A favor economy
November 18, 2023 1:36 AM   Subscribe

While there’s nothing inherently wrong with relying on praise from authors and notable figures to decide which books are worthy of industry attention, most authors secure blurbs not based on the merit of their work alone, but rather who they know. And as is the case in all walks of life, who you know is often directly linked to the level of privilege you carry within that community. In this way, blurbs can demonstrate which authors are the most connected within the industry, perhaps more than whether or not a book is actually “luminous.” from 'A Plague on the Industry': Book Publishing's Broken Blurb System [Esquire; ungated]

Blurbs previously
posted by chavenet (27 comments total) 12 users marked this as a favorite
Former bookseller Sarah Cahill told me that in her 15 years of buying for large bookseller chains, she often relied on blurbs to decide which titles would appeal to customers.

This person is not a bookseller; this person had a job where they put product, which happened to be books) on shelves.
posted by GenjiandProust at 2:35 AM on November 18 [11 favorites]

'A Plague on the Industry': Book Publishing's Broken Blurb System

If nothing else, that is a great title.
posted by fairmettle at 2:52 AM on November 18 [4 favorites]

Great article; a must-read!
posted by TedW at 3:38 AM on November 18 [7 favorites]

This really is a good article.

-- Guy Who Has Read Dozens of Articles About Blurbs
posted by cupcakeninja at 4:57 AM on November 18 [9 favorites]

More seriously, yes, this really does hit the angles. Thank you, chavenet!

As someone who reads approximately 50 books a year and relies heavily on book blurbs from more than just marquee authors to decide what to read next, I know the purchasing power of seeing your favorite author gush about a previously unknown author’s book—and that’s with my existing knowledge that blurbs are a rigged system.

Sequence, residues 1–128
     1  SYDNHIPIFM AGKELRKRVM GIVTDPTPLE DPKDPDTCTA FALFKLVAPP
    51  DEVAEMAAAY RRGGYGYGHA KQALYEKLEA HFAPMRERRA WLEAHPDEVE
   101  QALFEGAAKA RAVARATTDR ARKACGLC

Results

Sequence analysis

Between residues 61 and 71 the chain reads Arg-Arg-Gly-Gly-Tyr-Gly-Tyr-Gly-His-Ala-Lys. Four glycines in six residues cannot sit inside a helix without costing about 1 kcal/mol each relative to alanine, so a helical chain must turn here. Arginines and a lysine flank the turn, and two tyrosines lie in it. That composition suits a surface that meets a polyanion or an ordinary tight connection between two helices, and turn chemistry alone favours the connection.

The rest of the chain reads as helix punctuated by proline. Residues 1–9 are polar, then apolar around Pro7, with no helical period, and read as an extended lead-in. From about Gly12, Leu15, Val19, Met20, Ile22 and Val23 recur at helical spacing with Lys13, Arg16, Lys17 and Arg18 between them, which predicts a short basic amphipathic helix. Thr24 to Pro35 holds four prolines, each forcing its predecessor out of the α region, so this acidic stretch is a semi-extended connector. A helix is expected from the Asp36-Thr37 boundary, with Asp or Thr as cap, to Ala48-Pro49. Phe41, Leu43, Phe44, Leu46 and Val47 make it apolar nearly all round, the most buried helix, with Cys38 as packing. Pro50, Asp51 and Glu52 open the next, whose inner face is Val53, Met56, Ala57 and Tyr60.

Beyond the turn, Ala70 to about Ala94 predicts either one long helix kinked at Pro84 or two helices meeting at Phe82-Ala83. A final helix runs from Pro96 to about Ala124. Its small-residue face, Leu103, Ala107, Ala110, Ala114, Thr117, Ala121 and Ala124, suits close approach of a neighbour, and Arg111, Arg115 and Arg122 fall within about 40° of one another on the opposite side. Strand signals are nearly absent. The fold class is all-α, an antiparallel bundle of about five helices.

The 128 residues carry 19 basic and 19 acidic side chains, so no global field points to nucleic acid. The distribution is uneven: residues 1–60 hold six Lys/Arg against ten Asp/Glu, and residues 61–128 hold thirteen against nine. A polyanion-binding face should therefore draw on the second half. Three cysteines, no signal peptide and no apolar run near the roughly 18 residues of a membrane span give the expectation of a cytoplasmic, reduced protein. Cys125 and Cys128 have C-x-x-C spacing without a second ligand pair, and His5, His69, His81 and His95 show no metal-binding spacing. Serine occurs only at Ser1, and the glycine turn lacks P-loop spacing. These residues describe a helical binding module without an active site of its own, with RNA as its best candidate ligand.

A thousand times yes. I know just how terrible, faulty, and dishonest the blurb system can be, but every once in a while I still am surprised into being interested in a book based on a blurb.

Any lingering doubts I had about the blurb system being helpful (to me as as a reader) ended some years ago when I picked up a novel from a new-ish author who'd been blurbed by everyone in or adjacent to my little publishing pool. The blurbs were glowing, the reviews and blog posts and social media posts amazing. And, in fact, not only did I not like it, but the book simply was not good. Not terrible, but resoundingly mediocre. That sentiment was borne out by poor sales and poor reviews from presumably less-biased readers. Why were the blurbs so good? The author was and is by all accounts and very nice, pleasant person who's a good literary citizen and is heavily connected. Since then, I've basically tried to ignore blurbs and just follow my nose.
posted by cupcakeninja at 5:17 AM on November 18 [4 favorites]

I only blurb books I like because it's my fucking name on the cover, along with the author's, and I'm not going to mess with my own reputation just to be nice. Also, if I'm directly blurbing a book, I will, in fact, read the thing, because, see above. I will sometimes give a general endorsement of an author whose work I perennially enjoy; I feel that's within bounds (see the covers of the recent repackaging of Ann Leckie's Imperial Radch series for an example of this). But even then, it's based on actually being knowledgeable about the material.

My set-up for blurbing is thus: